iPhone Life magazine

What I played this week - TapTalpa.HD and CubeSieger

This week I played 2 very different games, and wanted to get this posted up before the madness of CES begins in earnest. Several iPhoneLife personnel, including yours truly, will be stalking the show floor again this year, so if you happen to see one of us, come and say hi (look for the iPhoneLife patch). The first game is a $1.99 version of Whac-a-mole called TapTalpa, and the other is an interesting abstract board game called CubeSieger (lite versions available). They are both a little odd-ball, and I have to admit that at least one of them needs more work before it deserves to cost $1.99 on the app store.

Kids love whac-a-mole, right? And sometimes adults love whac-a-mole too, except when you pay $1.99 for it at 70+MB--why would WAM ever require that kind of payload--and still see ads? I guess it's the high-def moles, but I say grrrrr... The ads would be unforgivable, but the game somewhat redeems itself as the moles come in a few interesting flavors. Ninja moles that blow up, helmeted moles that require multiple taps to kill, etc. Basically you tap out as many as possible before they blow up or disappear. Somewhat nostalgic to play, but the ads need to go, and a few more features are in order for the price.

In contrast to TapTalpa, I have to give CubeSieger my personal iPLife stamp of approval. Even the lite free version is fully functional, with attractive 3D views, and additional features. The game strategy is also unique, albeit a somewhat chess-like experience (if chess only featured pawns, and included cubes). The game is a paltry 19MB in size, and can be easily downloaded on your device in no time.

CubeSieger seems somewhat simple at first blush. Basically you and an opponent square off on what appears as a wooden grid of squares. Each player takes a turn moving their chess pawns (one space in any direction) around the board. After moving your pawn, a cube is added that must be placed as well. This serves to corral an opponent or force them to move to a higher level of blocks, adding another dimension to classic 2D board games like this. There is also a catch as you cannot move back down once you go up. You can't move up to the blue level of cubes, and will lose if you are cornered and can't move any further (like check-mate).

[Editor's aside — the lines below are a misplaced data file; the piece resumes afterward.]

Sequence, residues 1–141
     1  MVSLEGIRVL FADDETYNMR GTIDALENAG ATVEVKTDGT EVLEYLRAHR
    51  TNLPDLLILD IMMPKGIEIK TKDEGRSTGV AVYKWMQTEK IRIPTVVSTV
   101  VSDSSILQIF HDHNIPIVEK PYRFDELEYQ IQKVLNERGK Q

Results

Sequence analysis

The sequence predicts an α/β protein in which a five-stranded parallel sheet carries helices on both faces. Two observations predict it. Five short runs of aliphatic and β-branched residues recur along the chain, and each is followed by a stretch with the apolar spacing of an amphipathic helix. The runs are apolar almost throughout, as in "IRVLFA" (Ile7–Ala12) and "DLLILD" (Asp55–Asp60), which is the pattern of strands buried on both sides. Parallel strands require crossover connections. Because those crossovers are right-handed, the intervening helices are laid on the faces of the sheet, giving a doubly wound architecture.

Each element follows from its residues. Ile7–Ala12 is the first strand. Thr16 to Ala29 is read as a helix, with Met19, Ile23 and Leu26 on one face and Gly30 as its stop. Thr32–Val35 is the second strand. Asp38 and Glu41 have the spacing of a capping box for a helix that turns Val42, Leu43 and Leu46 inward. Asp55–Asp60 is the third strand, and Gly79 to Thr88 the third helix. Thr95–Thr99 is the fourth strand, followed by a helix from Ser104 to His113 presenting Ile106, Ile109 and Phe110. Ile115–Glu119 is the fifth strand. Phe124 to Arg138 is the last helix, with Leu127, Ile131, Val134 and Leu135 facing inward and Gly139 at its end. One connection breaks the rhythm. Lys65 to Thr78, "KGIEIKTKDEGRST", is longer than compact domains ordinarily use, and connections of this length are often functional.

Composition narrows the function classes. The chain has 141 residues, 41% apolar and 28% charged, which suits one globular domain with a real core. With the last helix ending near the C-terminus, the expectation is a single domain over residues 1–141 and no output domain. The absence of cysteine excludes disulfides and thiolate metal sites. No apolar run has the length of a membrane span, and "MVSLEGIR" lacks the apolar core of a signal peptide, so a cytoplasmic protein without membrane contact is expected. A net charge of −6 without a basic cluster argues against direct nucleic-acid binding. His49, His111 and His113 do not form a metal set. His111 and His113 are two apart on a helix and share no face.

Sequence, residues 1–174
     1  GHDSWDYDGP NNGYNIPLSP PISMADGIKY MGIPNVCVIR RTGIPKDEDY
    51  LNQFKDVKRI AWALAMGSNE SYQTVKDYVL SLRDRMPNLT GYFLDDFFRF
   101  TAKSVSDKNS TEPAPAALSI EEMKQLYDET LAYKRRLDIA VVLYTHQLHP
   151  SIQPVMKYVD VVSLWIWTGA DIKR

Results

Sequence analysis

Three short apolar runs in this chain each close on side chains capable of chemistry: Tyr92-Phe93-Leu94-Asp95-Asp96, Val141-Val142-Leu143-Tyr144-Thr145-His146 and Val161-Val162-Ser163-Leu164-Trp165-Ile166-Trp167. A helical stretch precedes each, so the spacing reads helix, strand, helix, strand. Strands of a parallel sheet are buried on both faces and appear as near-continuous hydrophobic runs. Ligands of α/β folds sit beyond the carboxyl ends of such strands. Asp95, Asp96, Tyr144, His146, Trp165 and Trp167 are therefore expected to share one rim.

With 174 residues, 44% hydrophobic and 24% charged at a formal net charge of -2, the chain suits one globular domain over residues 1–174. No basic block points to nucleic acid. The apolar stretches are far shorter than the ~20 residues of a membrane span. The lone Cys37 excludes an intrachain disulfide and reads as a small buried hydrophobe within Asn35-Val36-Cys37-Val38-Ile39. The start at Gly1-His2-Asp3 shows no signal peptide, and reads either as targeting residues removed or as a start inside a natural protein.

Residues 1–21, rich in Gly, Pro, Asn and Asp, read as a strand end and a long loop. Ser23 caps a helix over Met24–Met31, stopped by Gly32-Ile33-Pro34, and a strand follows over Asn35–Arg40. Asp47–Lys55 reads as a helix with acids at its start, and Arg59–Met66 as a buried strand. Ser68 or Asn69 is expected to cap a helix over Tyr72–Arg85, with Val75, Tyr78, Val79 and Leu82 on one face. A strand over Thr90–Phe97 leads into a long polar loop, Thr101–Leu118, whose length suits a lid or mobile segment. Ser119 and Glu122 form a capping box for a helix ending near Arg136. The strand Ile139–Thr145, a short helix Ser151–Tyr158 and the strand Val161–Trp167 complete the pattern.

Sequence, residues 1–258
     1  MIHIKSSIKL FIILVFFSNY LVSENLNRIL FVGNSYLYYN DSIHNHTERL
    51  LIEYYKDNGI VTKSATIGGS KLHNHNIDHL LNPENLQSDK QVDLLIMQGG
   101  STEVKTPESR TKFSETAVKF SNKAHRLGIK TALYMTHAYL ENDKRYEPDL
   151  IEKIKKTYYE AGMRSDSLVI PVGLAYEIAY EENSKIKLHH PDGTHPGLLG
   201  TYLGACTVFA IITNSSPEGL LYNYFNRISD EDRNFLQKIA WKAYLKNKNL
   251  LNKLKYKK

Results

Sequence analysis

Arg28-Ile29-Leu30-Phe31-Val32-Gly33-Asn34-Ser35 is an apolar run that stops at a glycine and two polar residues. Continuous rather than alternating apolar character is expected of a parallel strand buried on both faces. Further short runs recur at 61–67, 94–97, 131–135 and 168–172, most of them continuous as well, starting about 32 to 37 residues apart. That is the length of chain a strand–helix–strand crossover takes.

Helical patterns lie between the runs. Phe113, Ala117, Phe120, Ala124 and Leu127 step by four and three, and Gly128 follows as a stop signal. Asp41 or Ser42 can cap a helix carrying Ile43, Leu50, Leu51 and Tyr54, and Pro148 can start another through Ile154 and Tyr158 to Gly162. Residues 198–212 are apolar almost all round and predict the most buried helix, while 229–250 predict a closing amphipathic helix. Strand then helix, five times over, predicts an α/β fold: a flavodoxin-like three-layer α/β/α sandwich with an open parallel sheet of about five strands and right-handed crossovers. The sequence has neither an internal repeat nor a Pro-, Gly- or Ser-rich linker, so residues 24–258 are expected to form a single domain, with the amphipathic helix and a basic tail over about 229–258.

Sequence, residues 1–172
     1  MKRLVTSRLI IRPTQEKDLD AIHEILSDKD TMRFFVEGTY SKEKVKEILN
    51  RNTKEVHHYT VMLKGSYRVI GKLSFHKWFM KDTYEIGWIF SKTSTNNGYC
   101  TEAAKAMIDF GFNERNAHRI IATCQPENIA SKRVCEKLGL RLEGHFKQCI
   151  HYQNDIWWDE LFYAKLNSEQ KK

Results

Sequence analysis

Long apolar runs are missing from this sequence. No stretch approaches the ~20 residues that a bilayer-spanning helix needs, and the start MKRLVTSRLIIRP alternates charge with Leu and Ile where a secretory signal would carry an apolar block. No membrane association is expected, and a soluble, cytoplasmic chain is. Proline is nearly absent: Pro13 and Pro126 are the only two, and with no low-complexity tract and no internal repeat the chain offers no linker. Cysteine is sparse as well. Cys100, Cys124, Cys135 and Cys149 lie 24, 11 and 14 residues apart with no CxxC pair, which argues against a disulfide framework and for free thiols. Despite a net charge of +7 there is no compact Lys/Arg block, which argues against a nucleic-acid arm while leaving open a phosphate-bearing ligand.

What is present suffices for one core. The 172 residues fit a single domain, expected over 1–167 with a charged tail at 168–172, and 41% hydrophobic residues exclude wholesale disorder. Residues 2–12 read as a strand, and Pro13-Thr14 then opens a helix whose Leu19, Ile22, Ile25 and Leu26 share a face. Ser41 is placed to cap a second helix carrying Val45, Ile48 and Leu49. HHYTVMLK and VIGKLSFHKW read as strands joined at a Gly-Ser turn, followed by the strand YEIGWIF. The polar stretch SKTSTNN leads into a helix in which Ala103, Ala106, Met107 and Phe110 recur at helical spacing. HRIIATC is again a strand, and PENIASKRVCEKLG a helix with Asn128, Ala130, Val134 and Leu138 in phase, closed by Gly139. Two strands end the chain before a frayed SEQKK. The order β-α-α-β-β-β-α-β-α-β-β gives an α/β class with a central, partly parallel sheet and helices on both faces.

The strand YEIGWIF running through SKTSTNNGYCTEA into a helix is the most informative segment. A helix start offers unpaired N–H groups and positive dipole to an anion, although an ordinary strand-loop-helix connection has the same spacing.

CubeSieger has help screens to explain the strategy and rules behind movement and placement of pieces. I like the look and feel of the game. I like the look and feel of the game, and could think of some interesting variations. Maybe multiple pieces, and players though trying to master one piece wasn't that easy at first (won a game, and lost one against the computer).

The 3D views work well, allowing you to pan around the board to inspect the state of play. I wouldn't rate anything graphics-wise as over the top, but a very realistic board game ambiance permeates throughout. I didn't include a screenshot, but there is also a mode where you can play with only the cubes (stack them up, and move them around). You control the axis of the view by tilting the iPad, and it is really pretty cool. Besides, who doesn't like to just play with blocks every now and then?

So, if you have little ones or are a W-A-M freak yourself, you might want to check out TapTapla.HD, but personally I think it's a pass until the ads go away or the dev otherwise enhances the gameplay. CubeSieger is interesting and attractive for anyone interested in a variation on the typical grid-based board game. You can find either at the links provided above, and if you happen to be visiting CES this year, and see any of the iPhoneLife crew out and about, don't hesitate to come up and say hello!

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Nate Adcock's picture

Nate Adcock is a system and integration engineer with experience managing and administering a variety of computing environments. He has worked extensively with mobile gadgets of all shapes and sizes for many years. He is also a former military weather forecaster. Nate is a regular contributor for the iphonelife.com and smartphonemag.com blogs and helps manage both websites. Read more from Nate at natestera.drupalgardens.com or e-mail him at nate@iphonelife.com.